“Sports should support one other, there were tons and tons of media at the fight, most of them from Spanish-speaking outlets, but all of it is important because racing has fallen behind and we need to stick together to get as much publicity as possible.” – said Espinoza.

He also added – “I’m from a town near Mexico City and Canelo is from Guadalajara, where he has a farm with show horses, pretty much just for the fun of it. He wanted to meet me at Del Mar, so I invited him and he was able to see the difference between the two breeds, how Thoroughbreds train, and was very impressed with the whole atmosphere at the race track.”

At the age of five, Alvarez relocated to Juanacatlan, where he grew up on his family’s farm and learned to ride, a skill he still possesses today. Canelo is the masculine Spanish term for cinnamon, a nickname given to persons with red hair, like the boxer.

Being the youngest of eight children—seven boys—Alvarez never lost interest in horses, and eventually, his passion for horses brought him and Espinoza together. All of his brothers went on to become professional boxers.

Read More: Bivol Upsets Canelo to Retain Light Heavyweight Title

After Canelo said what it was like to become a jockey and train like one, it was time for Espinoza to enter the world of boxing. This is when Alvarez invited him to train in La Jolla, and after being amazed by his abilities, he also went to watch Canelo fight in Las Vegas.

He found it intriguing to observe the boxer’s preparation routine in comparison to his own as a rider. The common thread of competitive drive tied them together, yet what truly resonated was the convergence of professionals from distinct sporting backgrounds.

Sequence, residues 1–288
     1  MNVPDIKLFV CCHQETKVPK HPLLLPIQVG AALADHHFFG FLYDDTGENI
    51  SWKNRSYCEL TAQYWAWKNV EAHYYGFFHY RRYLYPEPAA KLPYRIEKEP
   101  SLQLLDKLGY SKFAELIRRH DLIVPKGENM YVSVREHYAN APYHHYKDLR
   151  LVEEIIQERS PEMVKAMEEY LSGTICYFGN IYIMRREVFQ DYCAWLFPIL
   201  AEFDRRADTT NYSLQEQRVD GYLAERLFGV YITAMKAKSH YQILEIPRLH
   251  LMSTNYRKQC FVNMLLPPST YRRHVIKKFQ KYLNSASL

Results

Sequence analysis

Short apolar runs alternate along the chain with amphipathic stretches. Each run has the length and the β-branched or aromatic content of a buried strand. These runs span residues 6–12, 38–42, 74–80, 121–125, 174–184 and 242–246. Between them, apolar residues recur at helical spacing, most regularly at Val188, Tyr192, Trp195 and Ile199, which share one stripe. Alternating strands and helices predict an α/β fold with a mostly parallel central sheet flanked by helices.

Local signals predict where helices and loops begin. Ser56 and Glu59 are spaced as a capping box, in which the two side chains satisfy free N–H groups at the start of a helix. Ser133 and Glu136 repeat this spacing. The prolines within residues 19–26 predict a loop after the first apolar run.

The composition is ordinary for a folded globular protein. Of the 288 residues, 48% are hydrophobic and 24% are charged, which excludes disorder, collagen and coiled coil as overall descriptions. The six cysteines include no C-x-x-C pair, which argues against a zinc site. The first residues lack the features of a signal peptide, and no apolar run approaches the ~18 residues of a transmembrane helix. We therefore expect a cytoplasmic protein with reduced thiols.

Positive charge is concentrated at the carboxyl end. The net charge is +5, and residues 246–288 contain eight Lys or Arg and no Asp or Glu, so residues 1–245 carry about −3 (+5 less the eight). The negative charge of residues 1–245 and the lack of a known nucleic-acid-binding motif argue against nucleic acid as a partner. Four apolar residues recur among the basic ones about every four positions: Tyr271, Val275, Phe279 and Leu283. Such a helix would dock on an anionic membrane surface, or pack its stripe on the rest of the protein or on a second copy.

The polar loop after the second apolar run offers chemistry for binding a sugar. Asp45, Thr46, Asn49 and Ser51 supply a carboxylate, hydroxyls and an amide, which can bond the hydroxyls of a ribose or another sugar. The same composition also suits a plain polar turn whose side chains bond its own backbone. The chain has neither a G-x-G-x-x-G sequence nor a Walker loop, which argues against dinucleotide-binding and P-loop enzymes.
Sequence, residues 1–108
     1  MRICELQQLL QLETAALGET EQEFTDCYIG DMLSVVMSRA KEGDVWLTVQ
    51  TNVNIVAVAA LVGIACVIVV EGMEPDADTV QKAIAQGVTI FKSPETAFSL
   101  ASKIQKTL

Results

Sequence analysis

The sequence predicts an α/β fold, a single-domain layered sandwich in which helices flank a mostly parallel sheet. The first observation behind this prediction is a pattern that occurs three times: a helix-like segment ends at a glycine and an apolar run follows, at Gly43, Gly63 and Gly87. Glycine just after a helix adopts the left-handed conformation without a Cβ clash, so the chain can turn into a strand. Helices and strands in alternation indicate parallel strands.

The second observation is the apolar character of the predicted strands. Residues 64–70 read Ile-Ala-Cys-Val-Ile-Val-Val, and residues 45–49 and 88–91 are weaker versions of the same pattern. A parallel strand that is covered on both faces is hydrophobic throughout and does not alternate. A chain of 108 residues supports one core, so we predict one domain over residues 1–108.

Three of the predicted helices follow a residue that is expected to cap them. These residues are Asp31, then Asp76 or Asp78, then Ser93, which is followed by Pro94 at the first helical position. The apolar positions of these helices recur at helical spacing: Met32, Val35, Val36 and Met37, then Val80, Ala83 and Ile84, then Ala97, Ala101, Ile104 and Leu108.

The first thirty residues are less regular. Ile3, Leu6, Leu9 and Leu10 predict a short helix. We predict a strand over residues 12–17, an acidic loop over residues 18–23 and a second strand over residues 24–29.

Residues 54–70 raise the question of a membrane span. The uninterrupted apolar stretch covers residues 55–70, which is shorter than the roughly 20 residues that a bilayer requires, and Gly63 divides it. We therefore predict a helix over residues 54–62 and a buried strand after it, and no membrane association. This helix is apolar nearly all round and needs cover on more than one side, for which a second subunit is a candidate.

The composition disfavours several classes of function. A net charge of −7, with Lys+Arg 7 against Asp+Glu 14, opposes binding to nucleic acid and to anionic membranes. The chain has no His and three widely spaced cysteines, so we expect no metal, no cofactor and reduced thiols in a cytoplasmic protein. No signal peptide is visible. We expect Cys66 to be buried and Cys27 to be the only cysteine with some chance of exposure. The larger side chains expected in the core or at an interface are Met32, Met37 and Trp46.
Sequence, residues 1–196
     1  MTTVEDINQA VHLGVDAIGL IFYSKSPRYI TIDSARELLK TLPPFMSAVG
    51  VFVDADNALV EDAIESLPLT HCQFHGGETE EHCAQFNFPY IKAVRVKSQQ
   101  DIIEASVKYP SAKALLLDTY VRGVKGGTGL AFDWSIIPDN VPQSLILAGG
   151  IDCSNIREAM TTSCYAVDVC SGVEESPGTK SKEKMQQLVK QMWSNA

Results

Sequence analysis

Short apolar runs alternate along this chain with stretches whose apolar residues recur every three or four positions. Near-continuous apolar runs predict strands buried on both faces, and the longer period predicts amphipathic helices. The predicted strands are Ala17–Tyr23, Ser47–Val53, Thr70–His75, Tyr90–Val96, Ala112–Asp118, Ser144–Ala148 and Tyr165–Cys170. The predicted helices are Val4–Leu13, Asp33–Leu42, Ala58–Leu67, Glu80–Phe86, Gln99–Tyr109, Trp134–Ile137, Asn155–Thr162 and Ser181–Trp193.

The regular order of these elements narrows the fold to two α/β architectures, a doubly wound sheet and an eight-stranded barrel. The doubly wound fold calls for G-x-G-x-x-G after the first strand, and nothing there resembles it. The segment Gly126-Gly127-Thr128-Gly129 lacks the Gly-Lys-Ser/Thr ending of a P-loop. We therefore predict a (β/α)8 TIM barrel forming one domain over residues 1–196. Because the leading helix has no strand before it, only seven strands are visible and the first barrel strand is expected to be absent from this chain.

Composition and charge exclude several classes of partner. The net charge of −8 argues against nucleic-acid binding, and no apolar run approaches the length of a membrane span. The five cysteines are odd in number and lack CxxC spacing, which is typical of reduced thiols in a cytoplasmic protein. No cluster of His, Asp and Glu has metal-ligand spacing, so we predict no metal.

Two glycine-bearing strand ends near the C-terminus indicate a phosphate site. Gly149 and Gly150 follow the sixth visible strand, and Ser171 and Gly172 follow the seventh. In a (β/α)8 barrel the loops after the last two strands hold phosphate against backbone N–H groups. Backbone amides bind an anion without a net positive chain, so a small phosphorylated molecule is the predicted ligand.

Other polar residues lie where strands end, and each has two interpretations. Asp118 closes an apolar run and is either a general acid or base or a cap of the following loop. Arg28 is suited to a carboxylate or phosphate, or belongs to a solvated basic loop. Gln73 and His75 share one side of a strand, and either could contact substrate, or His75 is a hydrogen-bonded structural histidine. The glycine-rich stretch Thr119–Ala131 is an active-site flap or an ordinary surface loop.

He believed this cross-pollination could greatly benefit all sports, particularly horse racing, an arena he felt had lagged in consistent media coverage. Expressing the urgency for catching up, he emphasized the significance of collaborations with mainstream sports like boxing, recognizing the exposure they could bring.

Acknowledging past criticism for engaging in network appearances and activities off the track during his tenure with California Chrome and American Pharoah, he defended his actions, asserting that such decisions were motivated by his belief in what was ultimately best for the promotion and advancement of horse racing.

Final Words

These are some of the most popular athletes in Mexico, and it is always great to see that they support each other. After all, being a professional athlete is tough, and they know it really well.

Sadly, we will not see Espinoza in the boxing ring, but it is understandable. After all, Espinoza is a professional jockey who has no place in a boxing ring.

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Michael is the CEO of Last Word On Sports INC and is happy to be involved with Big Fight Weekend. He is credentialed with several international governing bodies. He cites the Hagler-Leonard fight as his introduction to boxing--and what an introduction that was!